Indian Solar Imports Witnessed 43% Increase While Exports Grew by 16% in 2017
Record solar installations in 2017 resulted in increased solar imports
In calendar year (CY) 2017, the Indian solar sector imported solar modules and cells totaling nearly $4.12 billion (~₹269 billion), a 43 percent increase from the $2.88 billion (~₹194 billion) recorded during the preceding year. In 2017, Indian solar exports also grew as cells and modules worth $132.29 million (~₹8.6 billion) were exported, registering a growth of 16 percent from 2016 when the figure stood at $114.3 million (~₹7.7 billion), according to data from the Department of Commerce.
The massive surge in imports can easily be attributed to record solar installations recorded in the country during 2017.
Mercom previously reported that Indian solar installations grew exponentially during the calendar year 2017, with the addition of 9,629 MW of large-scale and rooftop solar capacity. The installation total was more than double the 4,313 MW installed in 2016 and made 2017 the best year for solar installations in India to date.
Solar Exports in Q4 2017:
Looking at the quarterly data, in Q4 (Oct-Dec) 2017, India exported solar modules and cells worth $70.18 million (~₹4.6 billion), registering a growth of 62 percent from Q3 2017 (Jul-Sep), when the figure stood at $43.21 million (~₹2.8 billion).
Solar Imports in Q4 2017:
India recorded a 9 percent quarter-over-quarter increase in imported solar modules and cells to $799.9 million (~₹51.7 billion) in Q4 2017 from $732.87 million (~₹47.1 billion) in Q3 2017.
Taking all the quarters into account, the first quarter (Q1) of 2017 recorded the highest import activity, registering a total of approximately $1,354 million (~₹90.4 billion). There was a general drop in import activity in the second half of the year after the rise in Chinese module prices. With tenders and auctions being postponed due to uncertainty around safeguard duty, installations in 2018 are expected to decline to approximately 7.5 GW which is reflected in the import slowdown in the last two quarters of 2018.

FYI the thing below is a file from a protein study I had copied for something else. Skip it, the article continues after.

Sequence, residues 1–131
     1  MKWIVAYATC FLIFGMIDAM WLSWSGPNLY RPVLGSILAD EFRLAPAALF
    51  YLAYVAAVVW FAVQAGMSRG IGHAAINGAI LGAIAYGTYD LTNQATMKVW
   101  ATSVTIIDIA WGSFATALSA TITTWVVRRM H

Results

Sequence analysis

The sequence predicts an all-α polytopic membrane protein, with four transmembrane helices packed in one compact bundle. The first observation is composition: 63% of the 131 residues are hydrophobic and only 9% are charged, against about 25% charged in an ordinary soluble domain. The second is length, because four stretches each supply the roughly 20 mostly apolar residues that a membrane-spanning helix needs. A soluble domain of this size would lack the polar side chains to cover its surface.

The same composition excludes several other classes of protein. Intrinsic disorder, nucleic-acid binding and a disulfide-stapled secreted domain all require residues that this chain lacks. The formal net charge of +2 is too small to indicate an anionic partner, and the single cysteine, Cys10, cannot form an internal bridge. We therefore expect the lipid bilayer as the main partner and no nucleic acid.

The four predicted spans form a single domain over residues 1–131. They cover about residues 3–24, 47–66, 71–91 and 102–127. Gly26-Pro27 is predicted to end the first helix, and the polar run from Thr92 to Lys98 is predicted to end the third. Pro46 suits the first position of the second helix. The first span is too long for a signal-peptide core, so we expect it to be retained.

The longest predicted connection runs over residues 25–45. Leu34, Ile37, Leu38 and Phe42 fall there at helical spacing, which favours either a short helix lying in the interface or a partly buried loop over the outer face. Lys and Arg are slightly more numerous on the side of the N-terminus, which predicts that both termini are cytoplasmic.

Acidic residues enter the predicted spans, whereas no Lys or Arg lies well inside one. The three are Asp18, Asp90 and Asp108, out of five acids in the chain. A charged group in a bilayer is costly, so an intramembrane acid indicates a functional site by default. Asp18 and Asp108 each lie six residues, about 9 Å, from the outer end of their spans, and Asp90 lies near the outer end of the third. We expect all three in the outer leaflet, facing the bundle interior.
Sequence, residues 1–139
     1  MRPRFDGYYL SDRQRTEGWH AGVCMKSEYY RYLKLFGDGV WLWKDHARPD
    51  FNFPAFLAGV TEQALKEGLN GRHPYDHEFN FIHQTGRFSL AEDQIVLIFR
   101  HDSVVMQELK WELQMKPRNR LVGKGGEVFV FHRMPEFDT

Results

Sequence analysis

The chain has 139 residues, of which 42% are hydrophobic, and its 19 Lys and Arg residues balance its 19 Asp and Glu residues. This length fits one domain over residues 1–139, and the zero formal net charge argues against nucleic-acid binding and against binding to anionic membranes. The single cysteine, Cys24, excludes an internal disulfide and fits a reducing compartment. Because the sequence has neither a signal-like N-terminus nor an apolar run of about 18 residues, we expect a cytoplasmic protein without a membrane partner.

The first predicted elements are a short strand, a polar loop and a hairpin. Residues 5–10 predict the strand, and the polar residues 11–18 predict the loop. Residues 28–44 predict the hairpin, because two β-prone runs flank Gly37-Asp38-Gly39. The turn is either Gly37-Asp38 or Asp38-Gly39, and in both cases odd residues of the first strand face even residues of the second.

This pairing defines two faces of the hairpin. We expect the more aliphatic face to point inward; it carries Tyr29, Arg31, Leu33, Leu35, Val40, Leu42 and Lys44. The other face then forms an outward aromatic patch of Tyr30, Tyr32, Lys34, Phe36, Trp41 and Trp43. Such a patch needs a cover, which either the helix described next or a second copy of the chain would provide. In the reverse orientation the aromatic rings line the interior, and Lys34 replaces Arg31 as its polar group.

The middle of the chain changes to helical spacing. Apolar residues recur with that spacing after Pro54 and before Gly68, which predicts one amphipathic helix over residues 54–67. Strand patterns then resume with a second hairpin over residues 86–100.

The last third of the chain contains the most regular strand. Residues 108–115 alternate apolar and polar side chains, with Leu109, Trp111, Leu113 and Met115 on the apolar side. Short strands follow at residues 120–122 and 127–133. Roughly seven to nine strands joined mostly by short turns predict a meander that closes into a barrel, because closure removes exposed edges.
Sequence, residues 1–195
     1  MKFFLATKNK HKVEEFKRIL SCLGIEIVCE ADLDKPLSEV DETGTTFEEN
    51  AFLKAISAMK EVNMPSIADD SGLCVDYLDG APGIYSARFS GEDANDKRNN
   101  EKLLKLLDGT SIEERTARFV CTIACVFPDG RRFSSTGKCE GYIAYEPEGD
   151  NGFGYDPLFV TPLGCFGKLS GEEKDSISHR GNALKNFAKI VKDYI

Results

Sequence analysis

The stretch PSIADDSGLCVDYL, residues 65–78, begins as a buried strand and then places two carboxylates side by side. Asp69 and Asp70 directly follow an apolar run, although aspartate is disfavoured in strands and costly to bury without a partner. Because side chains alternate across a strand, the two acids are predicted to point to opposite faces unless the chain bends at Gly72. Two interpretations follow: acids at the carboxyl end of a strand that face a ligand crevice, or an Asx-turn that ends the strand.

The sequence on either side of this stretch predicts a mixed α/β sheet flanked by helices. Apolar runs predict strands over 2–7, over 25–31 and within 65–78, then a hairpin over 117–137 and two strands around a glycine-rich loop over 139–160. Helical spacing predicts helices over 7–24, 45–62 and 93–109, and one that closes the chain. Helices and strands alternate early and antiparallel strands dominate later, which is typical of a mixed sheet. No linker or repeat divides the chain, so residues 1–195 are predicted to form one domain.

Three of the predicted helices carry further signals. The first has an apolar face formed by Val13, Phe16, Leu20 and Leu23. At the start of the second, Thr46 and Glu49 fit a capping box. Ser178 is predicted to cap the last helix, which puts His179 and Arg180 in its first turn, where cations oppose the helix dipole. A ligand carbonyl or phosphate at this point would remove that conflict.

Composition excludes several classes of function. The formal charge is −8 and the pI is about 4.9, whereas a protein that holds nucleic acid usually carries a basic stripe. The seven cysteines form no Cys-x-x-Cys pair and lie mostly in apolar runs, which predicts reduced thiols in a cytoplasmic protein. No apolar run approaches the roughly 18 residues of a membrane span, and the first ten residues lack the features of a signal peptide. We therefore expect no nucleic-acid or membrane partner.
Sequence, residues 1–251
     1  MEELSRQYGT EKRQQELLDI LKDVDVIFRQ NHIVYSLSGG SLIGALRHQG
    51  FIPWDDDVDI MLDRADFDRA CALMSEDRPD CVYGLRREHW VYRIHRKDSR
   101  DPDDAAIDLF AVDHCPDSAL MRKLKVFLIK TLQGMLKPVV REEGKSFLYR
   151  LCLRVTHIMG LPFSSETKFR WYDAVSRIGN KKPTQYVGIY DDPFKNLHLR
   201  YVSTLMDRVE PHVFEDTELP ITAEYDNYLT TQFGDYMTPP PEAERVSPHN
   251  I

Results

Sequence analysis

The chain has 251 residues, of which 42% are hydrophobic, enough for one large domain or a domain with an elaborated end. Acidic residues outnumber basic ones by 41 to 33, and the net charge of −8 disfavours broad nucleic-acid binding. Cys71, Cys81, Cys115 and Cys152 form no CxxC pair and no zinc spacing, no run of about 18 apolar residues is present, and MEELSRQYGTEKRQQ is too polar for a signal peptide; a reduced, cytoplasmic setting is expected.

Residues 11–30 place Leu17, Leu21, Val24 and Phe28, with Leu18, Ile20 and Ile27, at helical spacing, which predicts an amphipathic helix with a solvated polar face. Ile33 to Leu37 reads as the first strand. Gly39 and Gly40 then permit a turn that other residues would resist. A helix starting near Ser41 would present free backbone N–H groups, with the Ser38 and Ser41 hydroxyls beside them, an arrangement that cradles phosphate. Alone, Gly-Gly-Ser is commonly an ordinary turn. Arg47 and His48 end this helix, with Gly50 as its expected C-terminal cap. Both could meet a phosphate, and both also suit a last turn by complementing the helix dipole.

Solar Imports by Country:
China once again emerged as the largest supplier of solar modules and cells to India in 2017, accounting for an 88.2 percent market share, up by 2 percent when compared to the 86.2 percent share in 2016. Malaysia was the second-largest exporter to India, accounting for 5.9 percent of the market share, down from a 7 percent share in 2016. Taiwan was the third-largest exporter to India, accounting for 2.2 percent of the market, up from 1.8 percent in 2016.
Solar Exports to Other Countries:
The United States became the largest importer of Indian solar cells and modules in 2017, accounting for approximately 28.4 percent of the total market share. This data comes as President Trump imposed a 30 percent tariff on imported cells and modules into the US but India was exempted from the levy of a 30 percent anti-dumping duty on its solar imports along with a hundred other countries. The tariff is scheduled to gradually decline in five percent increments over a four-year period to 15 percent in 2022.
India’s exemption was included as part of the U.S. International Trade Commission’s ruling in the Suniva and Solar World trade case filed under Section 201. The exemption will benefit Indian manufacturers who already export to the U.S. as well as those who are planning to do so. However, the potential market for Indian panels is expected to be small compared to the overall size of the U.S. solar market as imports from Generalized System of Preferences (GSP) countries will be limited to 3 percent per country (crystalline silicon) and 9 percent total for all exempt countries. We expect module exports to US to rise in the coming quarters.
The U.S. was closely followed by Turkey, which accounted for 22 percent of the Indian exports in 2017. Denmark, with a market share of 10.4 percent, emerged as the third-largest importer of Indian solar cells and modules.
The solar cell and module import figures could change drastically in future if a safeguard duty is imposed short-term and anti-dumping duty is applied long-term.
Ankita is an editor at MercomIndia.com where she writes and edits clean energy news stories and features. With years of experience in the news business, Ankita has a nose for news and an eye for detail. Prior to Mercom, Ankita was associated with The Times of India as a copy editor for the organization’s digital news desk. She holds a Bachelor’s degree in Psychology from Delhi University and a Postgraduate Diploma in journalism. More articles from Ankita Rajeshwari.